As the United States continues to address immediate public health and safety needs caused by the COVID-19 pandemic, Kaiser Permanente is also looking to the future and modeling the way to a health care system that is sustainable and could meet the needs of many more people in our country.
The COVID-19 pandemic has exposed many weaknesses in our medical care system and public health infrastructure. It has also highlighted that it is time to turn the page on the flawed concept of fee-for-service reimbursement and instead embrace new models of payment and organization to create a more resilient and responsive health care system that better balances health care and public health.
Kaiser Permanente’s integrated model of health care financing and care delivery is a proven alternative to the predominant care-and-financing model in the United States. It offers a roadmap to addressing access and affordability, with a focus on improving outcomes. By committing to providing excellent individual care and understanding the needs of the broader population, we take a longer view, provide more stability, and are better equipped to support population health. More of the U.S. health care system needs to move in this direction.
Positive change can begin by building on the current system and providing everyone in the United States with guaranteed access to truly affordable, high-quality health care and coverage. While the uninsured rate has dropped nationally since the Affordable Care Act took effect, there have been upticks in the number of uninsured Americans in the last 3 years. At the same time, the pandemic revealed a strength in the ACA’s design that enabled transitions among different sources of coverage as individuals and families were affected by changed economic conditions.
We should seize this chance to foster stability for the millions who gained comprehensive coverage over the past decade and focus on the gaps that remain. The changes included in the American Rescue Plan Act are a step in the right direction. Additional subsidies to help consumers affected by economic crises will mean that they can afford to stay on their current plan, maintain their employer coverage through COBRA, or choose a marketplace option that is right for them. Financial assistance like this, as well as incentives for all states to expand Medicaid coverage, will reduce uninsured rates across the board without disrupting the quality of care-and-coverage choices people currently have. Our next step should be to make the enhanced marketplace subsidies in the American Rescue Plan Act permanent.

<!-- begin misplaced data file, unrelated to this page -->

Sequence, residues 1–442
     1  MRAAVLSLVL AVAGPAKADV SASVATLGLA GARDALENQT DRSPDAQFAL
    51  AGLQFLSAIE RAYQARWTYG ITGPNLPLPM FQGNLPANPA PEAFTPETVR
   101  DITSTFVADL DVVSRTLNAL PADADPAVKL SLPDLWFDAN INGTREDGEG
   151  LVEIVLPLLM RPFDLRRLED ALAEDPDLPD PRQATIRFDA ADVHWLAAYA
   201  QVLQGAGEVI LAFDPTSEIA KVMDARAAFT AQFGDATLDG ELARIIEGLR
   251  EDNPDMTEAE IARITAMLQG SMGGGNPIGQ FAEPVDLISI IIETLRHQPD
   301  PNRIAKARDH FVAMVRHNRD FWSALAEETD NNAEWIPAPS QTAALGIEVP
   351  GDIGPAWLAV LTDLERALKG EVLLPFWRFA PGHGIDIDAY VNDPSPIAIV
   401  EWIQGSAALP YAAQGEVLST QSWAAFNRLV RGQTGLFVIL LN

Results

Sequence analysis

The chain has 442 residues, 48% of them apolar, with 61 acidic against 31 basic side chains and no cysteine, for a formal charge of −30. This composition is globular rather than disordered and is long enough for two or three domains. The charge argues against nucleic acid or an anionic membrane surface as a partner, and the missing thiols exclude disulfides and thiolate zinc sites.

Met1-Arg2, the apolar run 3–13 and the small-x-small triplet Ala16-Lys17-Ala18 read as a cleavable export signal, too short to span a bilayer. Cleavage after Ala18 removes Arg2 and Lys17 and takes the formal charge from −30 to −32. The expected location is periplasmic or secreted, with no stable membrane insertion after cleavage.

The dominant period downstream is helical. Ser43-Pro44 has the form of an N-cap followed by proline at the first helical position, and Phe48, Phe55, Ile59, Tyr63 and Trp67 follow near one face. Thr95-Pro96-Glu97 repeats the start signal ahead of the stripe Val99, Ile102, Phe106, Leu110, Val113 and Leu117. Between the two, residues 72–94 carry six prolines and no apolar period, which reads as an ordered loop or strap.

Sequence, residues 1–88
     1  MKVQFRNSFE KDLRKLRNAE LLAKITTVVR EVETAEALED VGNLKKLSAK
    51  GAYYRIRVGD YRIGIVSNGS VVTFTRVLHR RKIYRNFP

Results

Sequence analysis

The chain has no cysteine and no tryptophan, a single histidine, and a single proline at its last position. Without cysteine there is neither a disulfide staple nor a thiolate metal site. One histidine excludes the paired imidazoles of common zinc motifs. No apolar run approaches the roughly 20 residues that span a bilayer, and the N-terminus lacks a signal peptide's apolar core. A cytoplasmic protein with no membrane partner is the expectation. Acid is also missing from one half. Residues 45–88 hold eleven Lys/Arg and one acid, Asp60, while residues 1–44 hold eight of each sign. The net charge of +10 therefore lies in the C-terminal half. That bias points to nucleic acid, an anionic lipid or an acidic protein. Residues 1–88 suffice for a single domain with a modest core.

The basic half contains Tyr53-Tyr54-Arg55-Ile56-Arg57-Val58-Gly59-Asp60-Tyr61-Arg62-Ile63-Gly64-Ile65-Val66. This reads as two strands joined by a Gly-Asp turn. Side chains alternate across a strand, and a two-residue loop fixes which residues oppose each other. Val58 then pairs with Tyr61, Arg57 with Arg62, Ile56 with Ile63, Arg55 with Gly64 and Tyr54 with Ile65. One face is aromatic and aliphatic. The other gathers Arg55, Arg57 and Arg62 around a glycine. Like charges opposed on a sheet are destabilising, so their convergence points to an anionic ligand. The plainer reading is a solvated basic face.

Anthony A. Barrueta
“We should seize this chance to foster stability for the millions who have gained comprehensive coverage over the past decade and focus on the gaps that remain.”
Every day we see how the pandemic is affecting the physical and mental health of our colleagues and members. As we look to the future, we must ensure not only that individuals have health care coverage but also that they can access care and focus on their total health and well-being. The pandemic has clarified our need to produce better and more equitable health care outcomes beyond the delivery of medical services alone. This means investing in public health, community health, and mental health — so everyone can live healthier lives.
As we address the immediate needs of the pandemic, we have a tremendous opportunity to improve the health care system long-term. The longstanding research and policy support the pharmaceutical sector typically receives from the government was apparent in the rapid development and deployment of COVID-19 vaccines, and we have seen what is possible when the public and private sectors openly coordinate toward common goals. It is imperative that we bring the same focus and determination that we’ve brought to the fight against COVID-19 to our efforts to improve total health. Public policy that promotes value over volume, leverages data-driven decision making, and encourages care coordination would help individuals navigate their care options and prioritize preventive measures to find and treat problems early. This would enable us to significantly reduce costs and improve quality within the U.S. health care system.
The entire health care system must focus on making care and coverage affordable. This cannot be done by placing arbitrary caps on insurance premiums or regulating provider pricing in a manner that disregards the reality of underlying cost drivers. That approach risks disrupting access to care if doctors and hospitals can’t afford to participate because they would be paid less than the actual cost of delivering care. We must do the hard work of examining and understanding the components of health care spending. The ever-increasing cost of prescription drugs gets a lot of focus, but it is not the only problem. The vast and yet too often poorly distributed infrastructure of the hospital and medical sectors is inefficient and not patient-centric enough. And our archaic approaches to educating and training the people who make up our health care system are not keeping up with the population’s needs. We need creative policies in all of these areas to ensure the cost of care is sustainable and affordable for everyone in this country.
It will be a terrible missed opportunity if we do not thoughtfully apply what we have learned in the past year to our long-standing health system problems. By being more creative in promoting an affordable, high-quality health care system, we can leave more than just the pandemic behind us in the years ahead — we can drive forward with a health system that works for everyone.